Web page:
A Magazine about the Hudson Valley’s local economy, published by Hudson Valley Current.

Valuing your Values: The Importance of Communication for Small Businesses

by Ajax Greene   

At the recent annual shareholder meeting Tim Cook, Apple’s post-Steve Jobs CEO, said “We do things because they are right and just and that is who we are. That’s who we are as a company. I don’t… when I think about human rights, I don’t think about an ROI. When I think about making our products accessible for the people that can’t see or to help a kid with autism, I don’t think about a bloody ROI, and by the same token, I don’t think about helping our environment from an ROI point of view.” His statements drew both applause and consternation.

At the end of 2012, 57% of Fortune 500 companies were producing sustainability reports. That number continues to grow.

If we think our politics are divided, so is our consumerism. Global research (supported by lots of additional US-based research) shows a roughly 60/40 divide among consumers. The 60% are all about cheap and easy. They don’t care about service or quality; they just want cheap. And there are plenty of global companies (Walmart, ahem) willing to compete for them on tight margins. If you run a locally owned, independent businesses, its highly unlikely that you can compete on price.

The good news is that the other 40% of folks shop their values. Everyone likes a good deal, but these folks place their values front and center in their buying decisions. Being able to effectively communicate with these customers and convey your own values is vital to your bottom line.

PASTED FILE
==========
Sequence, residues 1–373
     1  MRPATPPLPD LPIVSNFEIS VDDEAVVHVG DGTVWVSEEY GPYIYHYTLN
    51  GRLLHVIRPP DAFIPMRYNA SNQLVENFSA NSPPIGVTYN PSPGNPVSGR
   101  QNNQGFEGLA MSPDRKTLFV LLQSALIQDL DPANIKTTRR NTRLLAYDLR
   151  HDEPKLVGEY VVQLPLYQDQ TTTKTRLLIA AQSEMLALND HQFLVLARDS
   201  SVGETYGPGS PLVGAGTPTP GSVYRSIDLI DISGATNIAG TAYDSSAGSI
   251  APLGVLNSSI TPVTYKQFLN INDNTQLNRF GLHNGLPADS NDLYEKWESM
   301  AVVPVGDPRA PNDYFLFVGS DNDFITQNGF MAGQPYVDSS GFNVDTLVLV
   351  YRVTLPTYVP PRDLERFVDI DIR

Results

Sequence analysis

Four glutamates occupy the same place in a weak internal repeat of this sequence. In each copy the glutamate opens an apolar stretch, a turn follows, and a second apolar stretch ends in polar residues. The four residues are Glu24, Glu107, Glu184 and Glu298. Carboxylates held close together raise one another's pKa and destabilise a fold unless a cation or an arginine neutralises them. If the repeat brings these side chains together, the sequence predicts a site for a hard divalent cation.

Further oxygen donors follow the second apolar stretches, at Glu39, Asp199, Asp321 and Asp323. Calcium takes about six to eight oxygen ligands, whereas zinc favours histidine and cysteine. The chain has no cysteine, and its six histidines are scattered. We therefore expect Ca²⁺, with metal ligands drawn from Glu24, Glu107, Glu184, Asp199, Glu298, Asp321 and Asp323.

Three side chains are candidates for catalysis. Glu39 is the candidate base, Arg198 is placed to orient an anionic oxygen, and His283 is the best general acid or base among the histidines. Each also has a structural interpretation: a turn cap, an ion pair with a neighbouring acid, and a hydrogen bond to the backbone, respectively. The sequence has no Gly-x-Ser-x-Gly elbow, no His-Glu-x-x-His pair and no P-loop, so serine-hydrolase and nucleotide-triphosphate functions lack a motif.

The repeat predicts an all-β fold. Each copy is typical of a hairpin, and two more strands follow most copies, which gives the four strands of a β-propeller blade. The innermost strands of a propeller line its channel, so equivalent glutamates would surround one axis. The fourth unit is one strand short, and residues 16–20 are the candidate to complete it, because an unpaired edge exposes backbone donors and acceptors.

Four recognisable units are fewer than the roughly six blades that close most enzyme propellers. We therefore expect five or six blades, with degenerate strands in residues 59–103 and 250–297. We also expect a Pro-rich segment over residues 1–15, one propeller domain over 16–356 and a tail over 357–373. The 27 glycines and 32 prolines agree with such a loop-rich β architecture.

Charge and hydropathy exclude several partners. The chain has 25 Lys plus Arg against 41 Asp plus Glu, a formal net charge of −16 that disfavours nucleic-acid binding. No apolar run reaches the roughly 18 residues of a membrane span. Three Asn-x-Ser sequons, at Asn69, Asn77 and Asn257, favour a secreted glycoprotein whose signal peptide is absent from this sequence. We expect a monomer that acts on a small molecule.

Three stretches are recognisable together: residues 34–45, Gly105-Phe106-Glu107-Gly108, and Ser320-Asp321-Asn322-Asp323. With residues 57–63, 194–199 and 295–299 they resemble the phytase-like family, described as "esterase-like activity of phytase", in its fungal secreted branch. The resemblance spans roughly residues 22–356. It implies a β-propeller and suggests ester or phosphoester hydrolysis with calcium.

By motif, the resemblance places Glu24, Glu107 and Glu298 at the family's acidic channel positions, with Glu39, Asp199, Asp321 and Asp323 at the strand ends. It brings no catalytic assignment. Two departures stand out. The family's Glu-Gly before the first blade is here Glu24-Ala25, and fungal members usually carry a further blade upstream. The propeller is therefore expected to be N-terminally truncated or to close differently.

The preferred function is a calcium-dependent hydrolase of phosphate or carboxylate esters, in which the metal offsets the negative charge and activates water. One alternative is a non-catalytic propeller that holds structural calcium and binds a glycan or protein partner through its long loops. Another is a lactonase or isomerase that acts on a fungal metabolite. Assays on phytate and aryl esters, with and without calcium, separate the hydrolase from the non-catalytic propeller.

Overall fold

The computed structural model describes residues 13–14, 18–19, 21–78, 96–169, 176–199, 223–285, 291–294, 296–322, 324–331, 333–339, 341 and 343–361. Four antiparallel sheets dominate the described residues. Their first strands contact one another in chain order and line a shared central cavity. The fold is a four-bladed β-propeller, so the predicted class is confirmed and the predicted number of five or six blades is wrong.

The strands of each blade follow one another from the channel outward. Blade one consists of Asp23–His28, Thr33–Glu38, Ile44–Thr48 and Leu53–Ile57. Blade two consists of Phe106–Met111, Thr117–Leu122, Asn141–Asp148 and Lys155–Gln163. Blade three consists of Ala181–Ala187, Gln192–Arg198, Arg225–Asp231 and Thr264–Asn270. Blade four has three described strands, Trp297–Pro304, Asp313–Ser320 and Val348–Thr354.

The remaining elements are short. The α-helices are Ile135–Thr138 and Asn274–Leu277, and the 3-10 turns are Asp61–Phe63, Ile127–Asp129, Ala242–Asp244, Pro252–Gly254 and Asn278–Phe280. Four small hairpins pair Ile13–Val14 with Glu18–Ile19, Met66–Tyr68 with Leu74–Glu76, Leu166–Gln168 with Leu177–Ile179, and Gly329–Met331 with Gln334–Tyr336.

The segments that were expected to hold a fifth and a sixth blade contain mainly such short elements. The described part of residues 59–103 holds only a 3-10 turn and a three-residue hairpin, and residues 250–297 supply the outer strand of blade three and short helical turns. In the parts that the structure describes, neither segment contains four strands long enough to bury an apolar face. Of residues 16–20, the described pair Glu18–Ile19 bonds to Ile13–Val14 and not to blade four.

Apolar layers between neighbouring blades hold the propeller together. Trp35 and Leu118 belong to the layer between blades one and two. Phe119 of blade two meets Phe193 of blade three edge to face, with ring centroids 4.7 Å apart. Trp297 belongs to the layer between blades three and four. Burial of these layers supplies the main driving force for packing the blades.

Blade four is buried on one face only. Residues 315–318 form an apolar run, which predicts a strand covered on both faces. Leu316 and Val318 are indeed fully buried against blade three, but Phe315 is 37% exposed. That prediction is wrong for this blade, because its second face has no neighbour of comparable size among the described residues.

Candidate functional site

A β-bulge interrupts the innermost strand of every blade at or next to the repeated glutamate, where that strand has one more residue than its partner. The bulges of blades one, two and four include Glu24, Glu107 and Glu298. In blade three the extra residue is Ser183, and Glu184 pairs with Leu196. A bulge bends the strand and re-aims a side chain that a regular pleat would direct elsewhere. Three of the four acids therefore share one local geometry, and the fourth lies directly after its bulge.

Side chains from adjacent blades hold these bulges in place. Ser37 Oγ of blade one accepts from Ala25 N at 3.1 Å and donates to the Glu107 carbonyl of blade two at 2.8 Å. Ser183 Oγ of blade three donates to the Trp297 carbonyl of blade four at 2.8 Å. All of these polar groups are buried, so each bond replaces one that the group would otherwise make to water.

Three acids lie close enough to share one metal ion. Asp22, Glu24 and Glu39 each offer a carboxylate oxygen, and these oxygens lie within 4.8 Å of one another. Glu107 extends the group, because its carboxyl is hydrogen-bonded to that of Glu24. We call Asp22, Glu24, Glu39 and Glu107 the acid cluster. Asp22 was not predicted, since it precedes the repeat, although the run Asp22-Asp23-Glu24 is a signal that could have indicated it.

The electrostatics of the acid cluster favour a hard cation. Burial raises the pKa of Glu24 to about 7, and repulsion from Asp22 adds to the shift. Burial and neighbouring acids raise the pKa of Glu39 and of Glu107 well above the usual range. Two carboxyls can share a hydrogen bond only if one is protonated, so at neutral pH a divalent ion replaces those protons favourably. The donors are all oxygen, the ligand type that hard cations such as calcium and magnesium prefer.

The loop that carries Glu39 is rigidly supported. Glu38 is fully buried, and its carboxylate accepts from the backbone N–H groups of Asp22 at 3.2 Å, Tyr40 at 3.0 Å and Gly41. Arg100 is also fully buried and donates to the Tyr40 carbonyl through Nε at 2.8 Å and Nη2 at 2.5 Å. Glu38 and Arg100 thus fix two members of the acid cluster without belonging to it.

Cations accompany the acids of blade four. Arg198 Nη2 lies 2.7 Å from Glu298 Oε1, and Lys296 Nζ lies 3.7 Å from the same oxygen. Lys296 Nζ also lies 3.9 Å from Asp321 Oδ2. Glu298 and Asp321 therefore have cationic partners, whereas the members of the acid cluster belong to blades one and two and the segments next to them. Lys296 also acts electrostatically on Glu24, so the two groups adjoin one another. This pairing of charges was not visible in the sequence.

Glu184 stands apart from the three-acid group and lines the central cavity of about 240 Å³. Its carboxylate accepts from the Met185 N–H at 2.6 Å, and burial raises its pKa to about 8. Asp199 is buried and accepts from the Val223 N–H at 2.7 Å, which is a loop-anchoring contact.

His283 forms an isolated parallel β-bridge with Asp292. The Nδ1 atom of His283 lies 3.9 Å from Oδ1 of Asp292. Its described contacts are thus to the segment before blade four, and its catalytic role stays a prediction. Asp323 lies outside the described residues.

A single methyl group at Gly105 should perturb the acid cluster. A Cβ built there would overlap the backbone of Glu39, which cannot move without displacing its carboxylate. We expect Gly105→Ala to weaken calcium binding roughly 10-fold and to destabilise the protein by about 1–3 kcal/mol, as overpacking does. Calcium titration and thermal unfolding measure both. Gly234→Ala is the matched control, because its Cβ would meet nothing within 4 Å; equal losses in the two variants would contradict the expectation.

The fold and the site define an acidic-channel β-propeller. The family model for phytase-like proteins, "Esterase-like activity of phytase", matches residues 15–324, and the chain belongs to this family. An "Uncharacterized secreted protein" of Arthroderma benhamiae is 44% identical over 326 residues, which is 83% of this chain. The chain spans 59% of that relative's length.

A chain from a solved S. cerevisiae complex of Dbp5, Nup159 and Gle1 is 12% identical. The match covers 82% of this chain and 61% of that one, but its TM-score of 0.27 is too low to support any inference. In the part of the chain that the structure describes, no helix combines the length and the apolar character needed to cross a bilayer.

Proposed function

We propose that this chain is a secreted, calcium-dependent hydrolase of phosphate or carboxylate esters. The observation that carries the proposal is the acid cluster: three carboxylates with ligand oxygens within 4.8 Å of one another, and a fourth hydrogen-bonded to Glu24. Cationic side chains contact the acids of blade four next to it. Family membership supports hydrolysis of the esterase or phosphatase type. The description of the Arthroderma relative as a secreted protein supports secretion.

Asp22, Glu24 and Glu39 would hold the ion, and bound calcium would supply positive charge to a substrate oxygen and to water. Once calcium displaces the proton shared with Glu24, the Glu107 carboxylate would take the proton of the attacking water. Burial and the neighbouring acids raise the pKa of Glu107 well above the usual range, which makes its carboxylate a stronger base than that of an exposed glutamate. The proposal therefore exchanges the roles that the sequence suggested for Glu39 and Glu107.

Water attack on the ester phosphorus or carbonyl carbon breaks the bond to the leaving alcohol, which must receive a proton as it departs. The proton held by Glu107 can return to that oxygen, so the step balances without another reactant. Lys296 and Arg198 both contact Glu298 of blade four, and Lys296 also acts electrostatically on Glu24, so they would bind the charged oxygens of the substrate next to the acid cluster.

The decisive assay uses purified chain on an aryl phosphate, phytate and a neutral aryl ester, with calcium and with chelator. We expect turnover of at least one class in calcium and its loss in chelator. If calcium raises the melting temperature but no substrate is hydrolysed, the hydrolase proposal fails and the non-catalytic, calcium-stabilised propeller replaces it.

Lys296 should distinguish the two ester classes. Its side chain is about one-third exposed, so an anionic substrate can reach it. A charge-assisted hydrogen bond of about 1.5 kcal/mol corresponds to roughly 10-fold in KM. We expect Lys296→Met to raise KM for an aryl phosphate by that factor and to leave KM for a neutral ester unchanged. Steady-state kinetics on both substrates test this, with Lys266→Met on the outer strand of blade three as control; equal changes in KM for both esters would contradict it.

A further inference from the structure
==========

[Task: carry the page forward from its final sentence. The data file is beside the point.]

As regular readers of this column might guess, I am no fan of global companies. Yet these global folks are smart, and they know that their consumers want to support companies whose values match their own. The sad joke is that many of these companies are now greenwashing and local-washing (yes, co-opting Localism values is the latest trend).

In 2012, our friends at the Green American Business Network released a well-researched report showing that local companies were ceding ground to their global competitors by failing to effectively communicate their values. Even more frustrating is that the locally owned independent businesses that do master the art of communicating their values do far better on a variety of measures, including financial performance. So there’s no reason to not try.

Terms we frequently use in this column, like Localism and Triple Bottom Line, place an equal emphasis on people, planet and prosperity, and are shorthand for businesses that highly value their values.

There’s a good chance that business owner is you. Do you own a business that:
• Donates to the Little League? Then tell your story.
• Do local charities depend on you for product donations? Put up a sign that shows it (“I support…”).
• Are you locally owned (51% of equity in the Hudson Valley)? Tell your customers.
• Family owned? You are as American as apple pie.
• Do you recycle? Get your customers to join in; they will appreciate it.

These are some very easy ways to get started. What matters to you? Start sharing it now. While mastering communications on a deep level is no simple task, by not even trying you are only hurting your business. Start with the basics.

Business owners are people too. When you are shopping in your personal life, start by having conversations with the folks you shop with. Ask them about their values. In addition, they may appreciate your interest and you just might learn ideas for your own business.

We are all busy and sometimes it feels complicated to research the companies we buy from. In part this is why your customers are willing to pay a little more, because they expect you have fully vetted the product or services that you sell and can vouch that they align with their values. Frequently people’s values include environmental, social and community issues.  

This is one of the key reasons Re>Think Local was founded: to help business communicate more effectively with an emphasis on Localism and the Triple Bottom Line. Consider attending one of our networking events to learn best practices from your peers. We regularly offer well-attended educational events—a great way to take your business to the next level. The Re>Think Facebook page and blog have regular postings on vital topics like this. If we are not offering something that interests you,let us know. We love hearing from members and supporters about how we can do better. We’re here for you, after all.